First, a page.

Graphic Design - Marketing
Promoting and designing an intuitive experience for the largest hackathon in Texas

Graphic Designer: Posters, Merchandise, Online Posts, Website Design
Marketing Coordinator: Social Media Strategy

Project Details
May 2021 to November 2021
Student Organization
Tools: Adobe Photoshop, Adobe Illustrator, Figma

HackUTD VIII was the 2021 iteration of the classic UT Dallas hackathon. Organized by the Association of Computing Machinery, HackUTD's goal is to provide a space where students can solve real-world problems through the lens of technology.

As the marketing coordinator for the event, I was responsible for developing the branding and identity of HackUTD VIII. My designs would be used in promotional materials, merchandise, and across the hackathon website. Having not used Adobe Photoshop or Illustrator in the past, I learned the ins and outs of the programs while working on these designs.

After extensive research, I drew inspiration from movie posters and video games from the 80s for the colors, typography, and general design language of the hackathon. Something about the bold neon, excessive chrome, and retro aesthetic pulled me in, and I decided to create a design system based on trends I saw throughout my research.

Many of my graphics were used in Instagram, Facebook, and LinkedIn posts leading up to the event. Others were printed as physical posters and hung up around campus. For example, these designs were posted across our social media pages leading up to the start of registration for the event.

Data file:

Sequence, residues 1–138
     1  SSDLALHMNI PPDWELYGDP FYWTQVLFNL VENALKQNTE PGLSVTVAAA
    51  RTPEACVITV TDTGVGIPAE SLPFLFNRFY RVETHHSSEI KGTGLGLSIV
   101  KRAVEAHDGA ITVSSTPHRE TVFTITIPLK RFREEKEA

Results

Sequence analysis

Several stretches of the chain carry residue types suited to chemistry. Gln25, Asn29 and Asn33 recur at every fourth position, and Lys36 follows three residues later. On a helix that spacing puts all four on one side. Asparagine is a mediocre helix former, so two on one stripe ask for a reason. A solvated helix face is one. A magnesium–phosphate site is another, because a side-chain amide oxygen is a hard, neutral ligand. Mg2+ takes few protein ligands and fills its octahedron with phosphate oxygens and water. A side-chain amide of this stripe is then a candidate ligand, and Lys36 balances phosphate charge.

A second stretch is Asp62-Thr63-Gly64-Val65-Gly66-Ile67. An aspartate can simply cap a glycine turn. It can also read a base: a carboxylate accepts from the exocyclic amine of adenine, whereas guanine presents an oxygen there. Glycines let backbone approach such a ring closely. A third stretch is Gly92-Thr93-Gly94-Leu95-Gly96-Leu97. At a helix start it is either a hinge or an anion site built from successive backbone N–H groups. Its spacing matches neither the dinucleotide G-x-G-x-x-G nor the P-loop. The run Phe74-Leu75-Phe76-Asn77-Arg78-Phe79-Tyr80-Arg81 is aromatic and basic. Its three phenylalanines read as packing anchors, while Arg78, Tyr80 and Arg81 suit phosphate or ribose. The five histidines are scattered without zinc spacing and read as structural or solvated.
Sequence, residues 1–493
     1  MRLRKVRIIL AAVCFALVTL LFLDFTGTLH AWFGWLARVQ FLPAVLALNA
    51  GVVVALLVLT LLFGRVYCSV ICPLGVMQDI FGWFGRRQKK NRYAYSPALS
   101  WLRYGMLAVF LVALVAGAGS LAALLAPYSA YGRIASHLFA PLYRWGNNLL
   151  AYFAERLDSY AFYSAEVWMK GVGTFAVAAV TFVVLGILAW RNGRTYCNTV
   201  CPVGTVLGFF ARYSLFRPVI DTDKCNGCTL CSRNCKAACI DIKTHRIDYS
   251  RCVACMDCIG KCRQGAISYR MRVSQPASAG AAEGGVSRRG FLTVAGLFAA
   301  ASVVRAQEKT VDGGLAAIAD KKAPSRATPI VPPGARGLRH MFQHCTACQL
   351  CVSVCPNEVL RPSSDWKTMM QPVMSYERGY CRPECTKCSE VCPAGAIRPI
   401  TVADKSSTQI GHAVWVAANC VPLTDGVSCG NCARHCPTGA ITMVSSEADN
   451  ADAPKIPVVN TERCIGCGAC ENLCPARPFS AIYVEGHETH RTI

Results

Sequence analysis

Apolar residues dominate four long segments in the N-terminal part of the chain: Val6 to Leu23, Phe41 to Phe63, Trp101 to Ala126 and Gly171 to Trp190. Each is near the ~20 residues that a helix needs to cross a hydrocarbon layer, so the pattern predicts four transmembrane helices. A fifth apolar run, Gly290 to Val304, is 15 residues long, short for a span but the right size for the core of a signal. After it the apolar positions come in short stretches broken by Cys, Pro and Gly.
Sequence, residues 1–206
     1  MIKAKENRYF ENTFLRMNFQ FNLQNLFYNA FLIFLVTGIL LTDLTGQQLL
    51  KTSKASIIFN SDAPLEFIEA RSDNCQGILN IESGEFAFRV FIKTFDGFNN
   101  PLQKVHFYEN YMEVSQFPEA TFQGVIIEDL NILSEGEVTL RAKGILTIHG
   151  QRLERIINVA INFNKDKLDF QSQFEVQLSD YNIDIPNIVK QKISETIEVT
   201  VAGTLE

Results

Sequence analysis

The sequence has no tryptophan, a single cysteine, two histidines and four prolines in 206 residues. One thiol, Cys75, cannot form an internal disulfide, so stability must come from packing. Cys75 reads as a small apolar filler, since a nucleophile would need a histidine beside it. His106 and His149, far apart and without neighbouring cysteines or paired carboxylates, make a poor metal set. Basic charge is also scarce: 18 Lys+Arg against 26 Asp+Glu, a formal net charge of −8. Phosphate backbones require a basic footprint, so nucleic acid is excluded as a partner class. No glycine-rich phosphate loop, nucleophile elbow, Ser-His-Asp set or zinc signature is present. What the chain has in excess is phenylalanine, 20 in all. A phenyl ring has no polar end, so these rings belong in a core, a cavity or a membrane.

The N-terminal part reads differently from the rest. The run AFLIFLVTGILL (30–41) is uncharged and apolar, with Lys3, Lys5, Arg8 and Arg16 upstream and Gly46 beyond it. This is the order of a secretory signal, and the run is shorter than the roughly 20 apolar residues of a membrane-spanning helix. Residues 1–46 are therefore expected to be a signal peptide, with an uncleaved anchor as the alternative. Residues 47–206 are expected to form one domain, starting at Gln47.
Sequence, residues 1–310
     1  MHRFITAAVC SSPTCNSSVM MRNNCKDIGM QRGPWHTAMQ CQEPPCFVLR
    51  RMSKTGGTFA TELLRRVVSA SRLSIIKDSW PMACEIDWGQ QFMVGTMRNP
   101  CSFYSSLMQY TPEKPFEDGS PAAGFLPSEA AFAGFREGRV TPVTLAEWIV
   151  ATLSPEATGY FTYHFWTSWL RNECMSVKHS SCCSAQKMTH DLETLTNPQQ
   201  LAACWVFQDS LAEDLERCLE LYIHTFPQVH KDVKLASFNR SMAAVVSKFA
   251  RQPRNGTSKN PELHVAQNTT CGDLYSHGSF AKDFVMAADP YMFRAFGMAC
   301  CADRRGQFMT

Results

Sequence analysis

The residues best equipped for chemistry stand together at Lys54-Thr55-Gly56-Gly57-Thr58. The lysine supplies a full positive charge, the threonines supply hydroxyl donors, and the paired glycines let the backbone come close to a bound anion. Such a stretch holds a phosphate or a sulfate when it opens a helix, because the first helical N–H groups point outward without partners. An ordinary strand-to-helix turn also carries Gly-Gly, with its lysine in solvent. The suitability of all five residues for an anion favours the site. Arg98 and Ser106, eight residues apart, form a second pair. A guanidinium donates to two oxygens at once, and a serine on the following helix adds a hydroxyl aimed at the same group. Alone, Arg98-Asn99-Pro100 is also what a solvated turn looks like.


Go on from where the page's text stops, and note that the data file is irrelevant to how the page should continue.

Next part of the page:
To ensure a cohesive experience for hackers, I also designed graphics that were used throughout the event website and on participant merchandise. My designs were printed on over 1000 t-shirts, bucket hats, coasters, shot glasses, and sweatshirts for the hackathon.

My marketing work generated over 1400 online registrations. On the day of the hackathon, we checked-in more than 800 participants, making HackUTD the largest university hackathon in Texas. For context, this event was limited to UT Dallas students, while the previous in-person HackUTD was open to students from any university and recorded just over 700 check-ins.

While working on marketing materials, I was in constant communication with our logistics, experience, industry, and development teams. I saw how valuable their feedback was and how necessary collaboration is in creative endeavors. Leading up to the actual hackathon, I realized how much preparation goes into such a large event. Planning 36 hours worth of ceremonies, workshops, and socials for over 800 people is an incredibly involved process. As logistical issues arose during the hackathon, I learned how to improvise large-scale plans to adapt to dynamic situations while under pressure.